Washington coaches finally get a chance to see him on the field in rookie minicamp. They can get a feel for what he’s ready for and what he needs work on. Minicamp is also a great opportunity for Anderson to show coaches he’s ready to compete with inconsistent veterans like Preston Smith and Trent Murphy.
Sep 17, 2016; Madison, WI, USA; Georgia State Panthers wide receiver Robert Davis (19) catches a pass for a touchdown during the third quarter against the Wisconsin Badgers at Camp Randall Stadium. Wisconsin won 23-17. Mandatory Credit: Jeff Hanisch-USA TODAY Sports
3. Robert Davis, WR
At first glance, the Redskins have a pretty strong group of wide receivers. Terrelle Pryor, Jamison Crowder, Josh Doctson, Brian Quick, Ryan Grant are some of the experienced options on Washington’s depth chart. However, Pryor and Quick are in D.C. on one-year deals, while Grant’s roster spot is tenuous at best.
Davis is a tantalizing prospect because of his size and speed. At 6-3 and 219 pounds, Davis also ran a 4.40-second 40-yard dash at the Combine. He has large hands and possesses plenty of experience. Davis, a sixth-round pick, was likely around later in the draft because a lot of people weren’t really sure about him. At Georgia State, Davis was a victim of poor quarterback play. One positive in that is it helped expand an already impressive catch radius.
Rookie minicamp won’t make or break Davis. He is going to need to prove to coaches he can make it on special teams, though. That will separate him from the rest of the pack. And minicamp is a perfect time for Davis to prove he will do anything to earn a roster spot in 2017.
Another positive for Davis at this weekend’s minicamp is Davis is likely to be the top pass-catcher on the field for the Redskins. So, this is an excellent time for Davis to make a name for himself.
With one of their seventh-round picks, the Redskins took a flier on Louisville safety Josh Harvey-Clemons. With his selection, it’s clear Washington is planning on playing a hybrid defense. Anderson gives the Redskins options and so does Harvey-Clemons.
At 6-4, 217 pounds, Harvey-Clemons has imposing size. He began his career at Georgia before getting in trouble on more than one occasion and transferring to Louisville. While he rehabbed his reputation with the Cardinals, Harvey-Clemons didn’t necessarily boost his draft stock. He had some good moments over the last two seasons and his weaknesses also showed.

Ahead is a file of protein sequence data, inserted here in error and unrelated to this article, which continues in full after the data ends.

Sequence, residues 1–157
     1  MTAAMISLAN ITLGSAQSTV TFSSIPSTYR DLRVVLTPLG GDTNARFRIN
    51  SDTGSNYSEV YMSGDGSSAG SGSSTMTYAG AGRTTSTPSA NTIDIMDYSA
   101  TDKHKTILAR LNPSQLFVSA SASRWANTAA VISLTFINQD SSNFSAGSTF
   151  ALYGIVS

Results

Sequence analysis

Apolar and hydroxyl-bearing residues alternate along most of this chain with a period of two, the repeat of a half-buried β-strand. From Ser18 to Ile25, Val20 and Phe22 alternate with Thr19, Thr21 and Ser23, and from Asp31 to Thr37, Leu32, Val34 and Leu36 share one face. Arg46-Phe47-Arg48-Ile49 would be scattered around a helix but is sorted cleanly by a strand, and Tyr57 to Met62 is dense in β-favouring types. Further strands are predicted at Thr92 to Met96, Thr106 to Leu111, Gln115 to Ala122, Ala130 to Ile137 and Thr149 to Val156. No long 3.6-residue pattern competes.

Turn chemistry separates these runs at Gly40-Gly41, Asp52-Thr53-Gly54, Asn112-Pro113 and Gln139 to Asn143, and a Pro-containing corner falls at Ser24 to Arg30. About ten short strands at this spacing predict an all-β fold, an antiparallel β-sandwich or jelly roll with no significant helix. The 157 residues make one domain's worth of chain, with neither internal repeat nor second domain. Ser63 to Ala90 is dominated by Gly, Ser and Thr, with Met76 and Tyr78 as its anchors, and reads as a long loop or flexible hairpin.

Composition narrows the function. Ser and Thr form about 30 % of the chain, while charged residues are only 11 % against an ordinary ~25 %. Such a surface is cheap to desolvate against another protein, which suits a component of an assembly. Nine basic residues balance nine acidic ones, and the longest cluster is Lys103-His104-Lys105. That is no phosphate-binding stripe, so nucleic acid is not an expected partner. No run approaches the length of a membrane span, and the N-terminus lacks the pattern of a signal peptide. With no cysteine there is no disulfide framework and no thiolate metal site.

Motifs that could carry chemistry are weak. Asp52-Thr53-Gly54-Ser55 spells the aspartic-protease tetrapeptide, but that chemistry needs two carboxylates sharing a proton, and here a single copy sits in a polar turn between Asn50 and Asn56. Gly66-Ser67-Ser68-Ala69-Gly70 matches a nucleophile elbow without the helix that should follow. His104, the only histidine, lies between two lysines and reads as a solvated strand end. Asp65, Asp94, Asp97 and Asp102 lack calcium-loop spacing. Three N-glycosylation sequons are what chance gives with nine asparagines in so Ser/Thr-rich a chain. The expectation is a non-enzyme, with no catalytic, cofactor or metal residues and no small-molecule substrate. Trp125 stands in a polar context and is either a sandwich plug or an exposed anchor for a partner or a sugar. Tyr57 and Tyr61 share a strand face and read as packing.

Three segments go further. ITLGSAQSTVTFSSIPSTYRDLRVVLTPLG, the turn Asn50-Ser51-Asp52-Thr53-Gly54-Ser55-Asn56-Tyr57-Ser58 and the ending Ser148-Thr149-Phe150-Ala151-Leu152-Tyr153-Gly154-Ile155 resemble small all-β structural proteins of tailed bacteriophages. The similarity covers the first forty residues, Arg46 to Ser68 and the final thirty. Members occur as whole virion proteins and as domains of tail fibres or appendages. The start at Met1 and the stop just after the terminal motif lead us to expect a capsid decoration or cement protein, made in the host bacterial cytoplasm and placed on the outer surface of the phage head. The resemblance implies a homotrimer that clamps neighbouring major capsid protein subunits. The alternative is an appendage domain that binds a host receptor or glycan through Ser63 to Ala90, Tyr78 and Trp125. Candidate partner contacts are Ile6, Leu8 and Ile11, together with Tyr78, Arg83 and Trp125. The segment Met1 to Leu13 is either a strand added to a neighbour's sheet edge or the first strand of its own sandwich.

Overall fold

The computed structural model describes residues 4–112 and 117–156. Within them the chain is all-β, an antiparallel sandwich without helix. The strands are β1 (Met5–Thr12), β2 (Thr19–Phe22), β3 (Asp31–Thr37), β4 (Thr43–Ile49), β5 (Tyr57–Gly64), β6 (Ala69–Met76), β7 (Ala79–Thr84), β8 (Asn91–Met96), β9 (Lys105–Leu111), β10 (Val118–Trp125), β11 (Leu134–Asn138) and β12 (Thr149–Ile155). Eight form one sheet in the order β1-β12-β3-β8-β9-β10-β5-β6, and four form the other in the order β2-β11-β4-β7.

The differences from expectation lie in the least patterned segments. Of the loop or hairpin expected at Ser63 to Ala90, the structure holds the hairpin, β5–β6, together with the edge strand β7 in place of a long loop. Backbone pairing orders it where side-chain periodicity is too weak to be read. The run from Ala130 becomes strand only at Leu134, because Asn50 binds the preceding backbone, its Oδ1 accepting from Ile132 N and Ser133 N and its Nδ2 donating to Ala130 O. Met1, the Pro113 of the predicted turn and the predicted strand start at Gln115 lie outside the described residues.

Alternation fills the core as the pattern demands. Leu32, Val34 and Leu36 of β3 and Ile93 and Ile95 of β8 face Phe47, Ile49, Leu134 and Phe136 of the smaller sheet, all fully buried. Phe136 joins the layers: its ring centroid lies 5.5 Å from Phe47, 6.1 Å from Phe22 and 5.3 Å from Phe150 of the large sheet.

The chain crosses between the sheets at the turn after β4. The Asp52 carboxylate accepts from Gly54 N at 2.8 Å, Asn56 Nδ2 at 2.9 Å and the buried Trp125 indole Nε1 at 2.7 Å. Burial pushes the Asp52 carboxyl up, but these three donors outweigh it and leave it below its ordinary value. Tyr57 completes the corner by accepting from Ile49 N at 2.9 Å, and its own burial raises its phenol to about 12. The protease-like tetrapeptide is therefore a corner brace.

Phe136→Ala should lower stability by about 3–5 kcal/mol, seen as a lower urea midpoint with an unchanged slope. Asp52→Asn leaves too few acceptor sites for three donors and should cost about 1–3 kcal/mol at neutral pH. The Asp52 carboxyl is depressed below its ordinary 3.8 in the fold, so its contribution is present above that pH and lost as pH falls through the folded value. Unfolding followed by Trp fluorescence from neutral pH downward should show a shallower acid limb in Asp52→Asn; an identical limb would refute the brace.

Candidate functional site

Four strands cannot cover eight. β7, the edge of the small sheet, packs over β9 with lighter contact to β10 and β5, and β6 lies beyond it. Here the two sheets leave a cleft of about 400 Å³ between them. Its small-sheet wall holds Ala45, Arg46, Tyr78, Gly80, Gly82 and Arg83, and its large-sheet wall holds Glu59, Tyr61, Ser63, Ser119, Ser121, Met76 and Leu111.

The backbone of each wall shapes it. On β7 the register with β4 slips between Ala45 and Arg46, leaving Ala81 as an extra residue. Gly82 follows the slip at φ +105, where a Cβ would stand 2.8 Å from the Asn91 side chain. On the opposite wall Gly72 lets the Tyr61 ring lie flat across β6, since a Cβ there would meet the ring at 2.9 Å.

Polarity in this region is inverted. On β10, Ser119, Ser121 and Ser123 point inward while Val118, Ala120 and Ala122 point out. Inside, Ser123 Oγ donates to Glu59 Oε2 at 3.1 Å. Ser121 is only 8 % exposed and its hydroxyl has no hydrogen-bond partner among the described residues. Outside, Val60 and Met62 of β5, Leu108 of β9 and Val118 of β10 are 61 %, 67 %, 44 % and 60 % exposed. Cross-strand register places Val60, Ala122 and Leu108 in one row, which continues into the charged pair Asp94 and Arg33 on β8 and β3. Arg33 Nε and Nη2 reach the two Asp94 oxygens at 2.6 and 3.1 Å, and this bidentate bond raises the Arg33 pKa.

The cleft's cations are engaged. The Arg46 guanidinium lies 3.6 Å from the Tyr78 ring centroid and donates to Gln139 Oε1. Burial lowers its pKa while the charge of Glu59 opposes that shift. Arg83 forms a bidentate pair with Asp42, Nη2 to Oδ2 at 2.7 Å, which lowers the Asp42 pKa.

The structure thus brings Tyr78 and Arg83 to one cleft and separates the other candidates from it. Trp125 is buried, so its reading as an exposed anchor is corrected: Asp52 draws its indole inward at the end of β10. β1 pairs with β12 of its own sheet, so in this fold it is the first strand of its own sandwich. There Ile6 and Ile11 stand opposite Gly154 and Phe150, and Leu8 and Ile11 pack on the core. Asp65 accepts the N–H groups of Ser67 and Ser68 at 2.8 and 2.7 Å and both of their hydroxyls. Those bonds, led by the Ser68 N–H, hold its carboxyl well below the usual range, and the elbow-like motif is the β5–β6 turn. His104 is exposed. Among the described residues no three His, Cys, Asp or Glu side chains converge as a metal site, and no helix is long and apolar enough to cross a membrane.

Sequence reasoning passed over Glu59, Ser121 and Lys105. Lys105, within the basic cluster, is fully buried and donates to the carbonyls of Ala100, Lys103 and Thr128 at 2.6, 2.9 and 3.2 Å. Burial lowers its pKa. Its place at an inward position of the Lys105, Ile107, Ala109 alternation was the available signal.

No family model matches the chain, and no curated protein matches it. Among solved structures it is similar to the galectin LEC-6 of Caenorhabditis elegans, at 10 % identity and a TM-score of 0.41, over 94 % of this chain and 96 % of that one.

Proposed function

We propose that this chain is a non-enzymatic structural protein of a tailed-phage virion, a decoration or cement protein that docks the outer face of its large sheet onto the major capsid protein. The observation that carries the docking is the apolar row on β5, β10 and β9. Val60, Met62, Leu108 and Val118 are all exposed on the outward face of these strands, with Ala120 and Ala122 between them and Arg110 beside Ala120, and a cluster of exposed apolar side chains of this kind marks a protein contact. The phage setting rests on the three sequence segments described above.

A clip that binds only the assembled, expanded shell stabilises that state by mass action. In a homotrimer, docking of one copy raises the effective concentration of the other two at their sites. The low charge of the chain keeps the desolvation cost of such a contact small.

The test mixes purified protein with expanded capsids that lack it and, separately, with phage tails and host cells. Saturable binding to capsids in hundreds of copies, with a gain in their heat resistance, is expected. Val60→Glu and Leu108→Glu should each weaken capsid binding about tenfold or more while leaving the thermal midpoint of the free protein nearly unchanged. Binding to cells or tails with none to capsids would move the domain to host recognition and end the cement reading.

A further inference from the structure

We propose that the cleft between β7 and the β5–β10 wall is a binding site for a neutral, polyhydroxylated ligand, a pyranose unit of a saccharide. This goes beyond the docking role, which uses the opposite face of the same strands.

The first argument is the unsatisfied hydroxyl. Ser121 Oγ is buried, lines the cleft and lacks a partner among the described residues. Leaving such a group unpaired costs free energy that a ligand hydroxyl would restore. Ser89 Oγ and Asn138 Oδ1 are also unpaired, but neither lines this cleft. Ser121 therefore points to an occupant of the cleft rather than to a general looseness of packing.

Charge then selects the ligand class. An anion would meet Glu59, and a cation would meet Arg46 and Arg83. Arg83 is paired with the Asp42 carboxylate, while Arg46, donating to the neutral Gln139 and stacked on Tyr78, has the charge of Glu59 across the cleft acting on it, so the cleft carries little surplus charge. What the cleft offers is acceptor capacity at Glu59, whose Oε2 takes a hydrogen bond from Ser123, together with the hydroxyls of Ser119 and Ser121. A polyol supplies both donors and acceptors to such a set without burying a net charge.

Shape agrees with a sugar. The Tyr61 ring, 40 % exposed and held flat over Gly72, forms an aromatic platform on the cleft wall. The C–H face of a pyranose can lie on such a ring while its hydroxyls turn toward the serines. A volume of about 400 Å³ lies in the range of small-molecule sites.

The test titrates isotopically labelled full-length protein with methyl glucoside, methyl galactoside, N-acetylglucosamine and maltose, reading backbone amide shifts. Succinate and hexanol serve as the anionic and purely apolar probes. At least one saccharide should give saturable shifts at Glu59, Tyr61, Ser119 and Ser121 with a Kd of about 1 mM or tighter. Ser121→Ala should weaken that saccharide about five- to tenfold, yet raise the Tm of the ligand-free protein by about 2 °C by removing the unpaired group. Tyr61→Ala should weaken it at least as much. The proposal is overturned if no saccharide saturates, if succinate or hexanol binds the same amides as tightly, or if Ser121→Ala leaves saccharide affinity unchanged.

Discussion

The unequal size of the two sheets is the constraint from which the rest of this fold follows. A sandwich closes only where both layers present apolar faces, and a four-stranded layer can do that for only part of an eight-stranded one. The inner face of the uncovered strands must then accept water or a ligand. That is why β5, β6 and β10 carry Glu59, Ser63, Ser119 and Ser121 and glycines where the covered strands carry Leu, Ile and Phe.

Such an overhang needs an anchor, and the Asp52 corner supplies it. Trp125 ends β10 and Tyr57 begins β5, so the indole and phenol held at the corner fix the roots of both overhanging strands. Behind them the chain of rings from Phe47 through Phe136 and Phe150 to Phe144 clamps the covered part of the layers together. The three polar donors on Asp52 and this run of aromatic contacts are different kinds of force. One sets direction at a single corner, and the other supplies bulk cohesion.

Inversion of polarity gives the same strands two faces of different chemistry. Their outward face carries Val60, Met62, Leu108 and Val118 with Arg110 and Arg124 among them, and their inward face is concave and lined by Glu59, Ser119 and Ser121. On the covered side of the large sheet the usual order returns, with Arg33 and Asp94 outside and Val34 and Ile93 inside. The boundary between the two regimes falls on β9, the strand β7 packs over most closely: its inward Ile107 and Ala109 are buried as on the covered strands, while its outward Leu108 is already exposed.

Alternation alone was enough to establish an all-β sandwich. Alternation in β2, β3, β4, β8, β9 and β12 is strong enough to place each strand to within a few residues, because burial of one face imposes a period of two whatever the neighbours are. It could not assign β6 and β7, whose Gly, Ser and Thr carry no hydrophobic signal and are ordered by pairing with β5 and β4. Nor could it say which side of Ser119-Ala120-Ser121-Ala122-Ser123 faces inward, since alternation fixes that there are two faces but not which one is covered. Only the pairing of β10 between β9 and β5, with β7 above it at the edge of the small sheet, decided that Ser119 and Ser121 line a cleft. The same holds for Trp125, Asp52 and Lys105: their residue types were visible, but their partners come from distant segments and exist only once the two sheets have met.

What the Redskins hope with Harvey-Clemons is he can add a few more pounds to his frame and play the role of a dime linebacker. It’s the role the team envisioned for Su’a Cravens last year before deciding to make him a full-time safety.
Signing his contract and getting right to work is a positive for Harvey-Clemons. It allows him to get on the field with his new teammates and spend some one-on-one time with his coaches. At the rookie minicamp, the staff will see exactly what they have in Harvey-Clemons and likely develop a role for him over the summer.
Stopping opposing tight ends continues to be an issue for the Redskins. Perhaps Harvey-Clemons can help solve that dilemma.
Sep 3, 2016; Lubbock, TX, USA; Stephen F. Austin Lumberjacks quarterback Zach Conquer (2) is pressured by Texas Tech Red Raiders defensive end Kolin Hill (13) and defensive end Ondre Pipkins (9) in the first half at Jones AT&T Stadium. Mandatory Credit: Michael C. Johnson-USA TODAY Sports
1. Ondre Pipkins, NT
Remember when head coach Jay Gruden said Tomsula promised him he’d find a nose tackle? Well, in Texas Tech defensive tackle Ondre Pipkins, an undrafted free agent, Tomsula may have found his guy. It isn’t without risk, of course. But how much risk is there in an undrafted free agent with loads of talent? The biggest problem with Pipkins is his health. And it is a major problem.
Pipkins began his college career at Michigan as a five-star prospect. However, he tore an ACL which cost him most of one season, while a neck injury compromised another season. Michigan coach Jim Harbaugh wanted Pipkins to retire from football (per ESPN), which led to him transferring to Texas Tech for his final season of eligibility.
Pipkins played his final season for the Red Raiders and likely went undrafted due to the medical concerns. For Washington, it’s a low-risk, possibly high-reward signing. The Redskins won’t need a true nose tackle expect for between 15-20 snaps per game. Can Pipkins give the Redskins that? Pipkins is probably Washington’s best bet for an undrafted rookie free agent to the make the team in 2017.